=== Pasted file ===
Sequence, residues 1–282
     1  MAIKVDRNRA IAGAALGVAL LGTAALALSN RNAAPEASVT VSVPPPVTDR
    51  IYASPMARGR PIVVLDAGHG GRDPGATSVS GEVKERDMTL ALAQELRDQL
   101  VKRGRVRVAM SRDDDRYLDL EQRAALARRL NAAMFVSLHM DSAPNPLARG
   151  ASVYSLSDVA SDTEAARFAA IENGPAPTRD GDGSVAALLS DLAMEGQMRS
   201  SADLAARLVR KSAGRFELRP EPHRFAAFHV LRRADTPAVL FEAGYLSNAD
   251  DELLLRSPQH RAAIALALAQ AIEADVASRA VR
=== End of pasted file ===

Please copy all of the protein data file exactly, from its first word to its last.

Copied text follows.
Sequence, residues 1–282
     1  MAIKVDRNRA IAGAALGVAL LGTAALALSN RNAAPEASVT VSVPPPVTDR
    51  IYASPMARGR PIVVLDAGHG GRDPGATSVS GEVKERDMTL ALAQELRDQL
   101  VKRGRVRVAM SRDDDRYLDL EQRAALARRL NAAMFVSLHM DSAPNPLARG
   151  ASVYSLSDVA SDTEAARFAA IENGPAPTRD GDGSVAALLS DLAMEGQMRS
   201  SADLAARLVR KSAGRFELRP EPHRFAAFHV LRRADTPAVL FEAGYLSNAD
   251  DELLLRSPQH RAAIALALAQ AIEADVASRA VR